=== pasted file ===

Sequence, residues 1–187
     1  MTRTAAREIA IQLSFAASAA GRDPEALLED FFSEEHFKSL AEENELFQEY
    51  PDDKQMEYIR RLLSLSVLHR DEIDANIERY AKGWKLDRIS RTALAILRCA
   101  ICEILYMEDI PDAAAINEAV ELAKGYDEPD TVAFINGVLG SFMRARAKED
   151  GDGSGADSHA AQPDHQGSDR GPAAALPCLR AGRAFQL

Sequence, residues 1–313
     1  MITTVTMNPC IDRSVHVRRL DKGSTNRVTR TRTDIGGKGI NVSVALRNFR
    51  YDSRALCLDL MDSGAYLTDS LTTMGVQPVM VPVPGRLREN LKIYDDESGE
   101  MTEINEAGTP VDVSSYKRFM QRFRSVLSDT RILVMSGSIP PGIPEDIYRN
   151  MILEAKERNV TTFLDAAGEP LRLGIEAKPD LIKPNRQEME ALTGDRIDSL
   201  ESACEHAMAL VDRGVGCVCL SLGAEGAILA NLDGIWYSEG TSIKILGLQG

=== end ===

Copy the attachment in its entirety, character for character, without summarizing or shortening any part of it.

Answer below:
Sequence, residues 1–187
     1  MTRTAAREIA IQLSFAASAA GRDPEALLED FFSEEHFKSL AEENELFQEY
    51  PDDKQMEYIR RLLSLSVLHR DEIDANIERY AKGWKLDRIS RTALAILRCA
   101  ICEILYMEDI PDAAAINEAV ELAKGYDEPD TVAFINGVLG SFMRARAKED
   151  GDGSGADSHA AQPDHQGSDR GPAAALPCLR AGRAFQL

Sequence, residues 1–313
     1  MITTVTMNPC IDRSVHVRRL DKGSTNRVTR TRTDIGGKGI NVSVALRNFR
    51  YDSRALCLDL MDSGAYLTDS LTTMGVQPVM VPVPGRLREN LKIYDDESGE
   101  MTEINEAGTP VDVSSYKRFM QRFRSVLSDT RILVMSGSIP PGIPEDIYRN
   151  MILEAKERNV TTFLDAAGEP LRLGIEAKPD LIKPNRQEME ALTGDRIDSL
   201  ESACEHAMAL VDRGVGCVCL SLGAEGAILA NLDGIWYSEG TSIKILGLQG